A deeper understanding of liquid interfaces

© Lukas Petersdorf

Project „LISA Dynamics“, funding reference number 05K22FK3

PD Dr. Bridget Murphy, Institute of Experimental and Applied Physics

What happens at the interface between liquids and gases, plays a crucial role in many areas of the life and the nano sciences - for example, in the release of drugs, at cell membranes or in molecular electronics. In order to be able to understand and control the structures and the processes taking place here, PD Dr. Bridget Murphy has developed X-ray scattering experiments at the PETRA III synchrotron radiation source at DESY (Liquid Diffractometer LISA). "Investigating ultrafast processes at liquid interfaces is challenging, but central to many questions in biology, chemistry and the nutritional and marine sciences," says Murphy.

With the new funding, she wants to further develop the existing instrument for processes from nanoseconds to milliseconds and for the next-generation radiation source, PETRA IV. The structures at liquid interfaces are to be excited with a laser to change on the nanometre scale. By this, it should become possible to observe and to better understand molecular changes in water or salt solutions or molecular processes of lipids and proteins at liquid surfaces.

Investigating novel quantum materials

© AG Rossnagel

Project „Pulse microscope for FLASH“, funding reference number 05K22FK2

Prof. Dr. Kai Rossnagel, Institute of Experimental and Applied Physics

The free-electron laser FLASH at DESY accelerates electrons almost to the speed of light and thus generates extremely intense X-ray light flashes lasting billionths of a second (“femtoseconds”). This way the movements of atoms and molecules in materials or chemical reactions can be filmed. With the BMBF funding, a consortium from the Universities of Kiel, Regensburg and Mainz wants to develop an extremely powerful pulse microscope for a measuring station at FLASH. Using this, dynamic electronic and structural properties of novel quantum materials can be investigated.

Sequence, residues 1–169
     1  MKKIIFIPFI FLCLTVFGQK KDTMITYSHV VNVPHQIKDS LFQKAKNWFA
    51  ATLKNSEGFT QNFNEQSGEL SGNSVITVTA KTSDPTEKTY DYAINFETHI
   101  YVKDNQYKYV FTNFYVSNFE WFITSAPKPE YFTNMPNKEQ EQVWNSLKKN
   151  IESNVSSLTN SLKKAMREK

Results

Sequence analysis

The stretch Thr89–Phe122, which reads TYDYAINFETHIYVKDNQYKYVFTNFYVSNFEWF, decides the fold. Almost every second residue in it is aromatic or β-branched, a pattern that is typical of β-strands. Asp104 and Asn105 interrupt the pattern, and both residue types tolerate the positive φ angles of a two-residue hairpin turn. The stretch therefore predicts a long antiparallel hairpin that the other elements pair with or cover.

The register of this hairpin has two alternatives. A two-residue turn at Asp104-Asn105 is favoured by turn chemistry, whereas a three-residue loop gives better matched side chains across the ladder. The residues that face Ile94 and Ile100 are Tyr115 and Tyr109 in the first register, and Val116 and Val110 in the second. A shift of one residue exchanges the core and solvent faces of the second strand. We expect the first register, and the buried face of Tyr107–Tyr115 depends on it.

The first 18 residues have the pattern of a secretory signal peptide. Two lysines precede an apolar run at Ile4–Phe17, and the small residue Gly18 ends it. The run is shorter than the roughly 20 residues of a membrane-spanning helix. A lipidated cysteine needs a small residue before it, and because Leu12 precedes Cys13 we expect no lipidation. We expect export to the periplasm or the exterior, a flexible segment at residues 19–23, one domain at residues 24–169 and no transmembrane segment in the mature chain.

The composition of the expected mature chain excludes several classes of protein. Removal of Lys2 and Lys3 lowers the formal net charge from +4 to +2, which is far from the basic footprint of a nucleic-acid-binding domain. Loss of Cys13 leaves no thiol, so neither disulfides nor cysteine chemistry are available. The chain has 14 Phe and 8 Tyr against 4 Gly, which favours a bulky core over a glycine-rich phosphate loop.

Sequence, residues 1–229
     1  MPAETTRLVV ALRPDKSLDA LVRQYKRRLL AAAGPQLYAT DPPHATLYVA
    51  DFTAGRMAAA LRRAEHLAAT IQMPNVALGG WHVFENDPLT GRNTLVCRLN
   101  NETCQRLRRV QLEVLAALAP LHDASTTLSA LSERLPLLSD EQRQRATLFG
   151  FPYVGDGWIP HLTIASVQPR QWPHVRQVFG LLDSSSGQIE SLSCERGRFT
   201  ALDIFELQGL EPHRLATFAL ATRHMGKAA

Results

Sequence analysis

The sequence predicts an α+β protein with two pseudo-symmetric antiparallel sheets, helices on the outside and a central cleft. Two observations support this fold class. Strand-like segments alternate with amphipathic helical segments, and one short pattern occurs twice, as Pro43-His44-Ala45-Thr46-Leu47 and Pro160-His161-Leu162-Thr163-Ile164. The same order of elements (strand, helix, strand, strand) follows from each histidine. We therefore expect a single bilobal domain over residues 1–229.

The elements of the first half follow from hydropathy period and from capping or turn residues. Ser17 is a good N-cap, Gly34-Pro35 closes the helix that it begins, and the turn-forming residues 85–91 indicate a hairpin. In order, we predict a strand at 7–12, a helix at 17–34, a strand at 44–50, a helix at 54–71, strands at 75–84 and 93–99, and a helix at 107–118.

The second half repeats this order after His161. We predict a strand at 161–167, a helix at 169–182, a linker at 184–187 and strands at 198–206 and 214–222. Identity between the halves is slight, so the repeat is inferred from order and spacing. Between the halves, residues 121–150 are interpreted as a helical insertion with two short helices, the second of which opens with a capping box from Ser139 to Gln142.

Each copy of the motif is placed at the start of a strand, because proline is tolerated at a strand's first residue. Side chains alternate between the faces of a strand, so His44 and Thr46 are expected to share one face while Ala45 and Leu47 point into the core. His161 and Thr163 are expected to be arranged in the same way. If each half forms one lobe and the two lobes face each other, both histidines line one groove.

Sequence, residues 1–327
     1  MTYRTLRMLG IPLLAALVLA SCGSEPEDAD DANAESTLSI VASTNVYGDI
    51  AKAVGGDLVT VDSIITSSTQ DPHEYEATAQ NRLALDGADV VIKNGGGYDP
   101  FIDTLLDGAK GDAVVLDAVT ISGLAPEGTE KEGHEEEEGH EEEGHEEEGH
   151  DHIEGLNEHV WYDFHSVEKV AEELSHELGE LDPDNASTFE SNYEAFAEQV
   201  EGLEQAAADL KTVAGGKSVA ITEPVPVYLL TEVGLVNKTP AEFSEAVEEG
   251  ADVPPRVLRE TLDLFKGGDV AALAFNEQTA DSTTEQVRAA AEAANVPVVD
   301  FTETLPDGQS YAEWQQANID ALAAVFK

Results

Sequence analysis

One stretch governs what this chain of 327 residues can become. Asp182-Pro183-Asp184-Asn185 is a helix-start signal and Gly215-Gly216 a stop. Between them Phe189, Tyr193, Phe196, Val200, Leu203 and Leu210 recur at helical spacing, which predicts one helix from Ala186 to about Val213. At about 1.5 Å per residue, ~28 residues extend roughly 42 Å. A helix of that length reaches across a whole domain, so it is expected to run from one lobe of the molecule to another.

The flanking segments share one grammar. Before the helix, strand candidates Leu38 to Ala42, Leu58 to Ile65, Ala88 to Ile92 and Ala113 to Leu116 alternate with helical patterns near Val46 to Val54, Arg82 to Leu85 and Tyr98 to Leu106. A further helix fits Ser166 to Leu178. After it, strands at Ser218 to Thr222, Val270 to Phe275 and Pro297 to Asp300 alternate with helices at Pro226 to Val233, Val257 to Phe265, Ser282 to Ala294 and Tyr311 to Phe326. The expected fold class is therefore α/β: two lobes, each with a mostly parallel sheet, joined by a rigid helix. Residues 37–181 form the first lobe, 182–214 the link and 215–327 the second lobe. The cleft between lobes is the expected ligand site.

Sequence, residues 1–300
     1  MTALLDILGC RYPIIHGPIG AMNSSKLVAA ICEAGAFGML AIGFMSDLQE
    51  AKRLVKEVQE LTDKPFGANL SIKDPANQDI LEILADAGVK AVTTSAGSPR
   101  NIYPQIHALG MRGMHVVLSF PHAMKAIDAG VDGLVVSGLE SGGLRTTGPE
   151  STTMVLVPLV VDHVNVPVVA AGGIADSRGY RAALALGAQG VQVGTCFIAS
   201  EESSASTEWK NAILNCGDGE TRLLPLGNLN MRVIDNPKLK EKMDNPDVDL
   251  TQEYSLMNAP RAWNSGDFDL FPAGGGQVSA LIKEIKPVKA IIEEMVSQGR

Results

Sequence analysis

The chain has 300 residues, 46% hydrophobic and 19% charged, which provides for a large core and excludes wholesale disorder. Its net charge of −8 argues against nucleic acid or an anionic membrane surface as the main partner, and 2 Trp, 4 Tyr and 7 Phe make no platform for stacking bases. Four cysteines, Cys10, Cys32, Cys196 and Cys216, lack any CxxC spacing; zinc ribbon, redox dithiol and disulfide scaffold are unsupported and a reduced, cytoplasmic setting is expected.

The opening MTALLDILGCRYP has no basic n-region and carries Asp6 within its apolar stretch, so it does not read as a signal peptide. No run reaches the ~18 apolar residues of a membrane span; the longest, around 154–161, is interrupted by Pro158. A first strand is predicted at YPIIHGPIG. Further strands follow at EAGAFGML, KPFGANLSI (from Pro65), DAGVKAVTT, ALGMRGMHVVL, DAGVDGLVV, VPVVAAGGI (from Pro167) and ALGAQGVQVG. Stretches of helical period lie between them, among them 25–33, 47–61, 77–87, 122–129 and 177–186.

The goal is to develop a microscope that works at temperatures down to -263.15 degrees Celsius (10 Kelvin) and can be combined with the most modern terahertz radiation sources. Retarding electrostatic front lenses will be used to  to reduce the space-charge effects. In Kiel, components for low temperatures are being developed and tested under the direction of Kai Rossnagel, Professor of Solid State Research with Synchrotron Radiation at the CAU and senior scientist at DESY. "With this, we are opening a whole new chapter in recording complete films of ultrafast electronic and structural dynamics at complex interfaces," says Rossnagel.


Prof. Dr. Olaf Magnussen
Institute of Experimental and Applied Physics
Solid State Physics
+49 431 880-5579



Dr. habil. rer. nat. Bridget Murphy
Institute of Experimental and Applied Physics
Solid State Physics
+49 431 880-5558



Prof. Dr. Kai Rossnagel
Institute of Experimental and Applied Physics
Solid State Research with Synchrotron Radiation
+49 431 880-3876


About Kiel Univerisity's Priority research area KiNSIS:

The nanoworld is governed by different laws than the macroscopic world, by quantum physics. Understanding structures and processes in these dimensions and implementing the findings in an application-oriented manner is the goal of the priority research area KiNSIS (Kiel Nano, Surface and Interface Science) at Kiel University. Intensive interdisciplinary cooperation between physics, chemistry, engineering and life sciences could lead to the development of novel sensors and materials, quantum computers, advanced medical therapies and much more.



Julia Siekmann
Science Communication Officer, Research area Kiel Nano Surface and Interface Sciences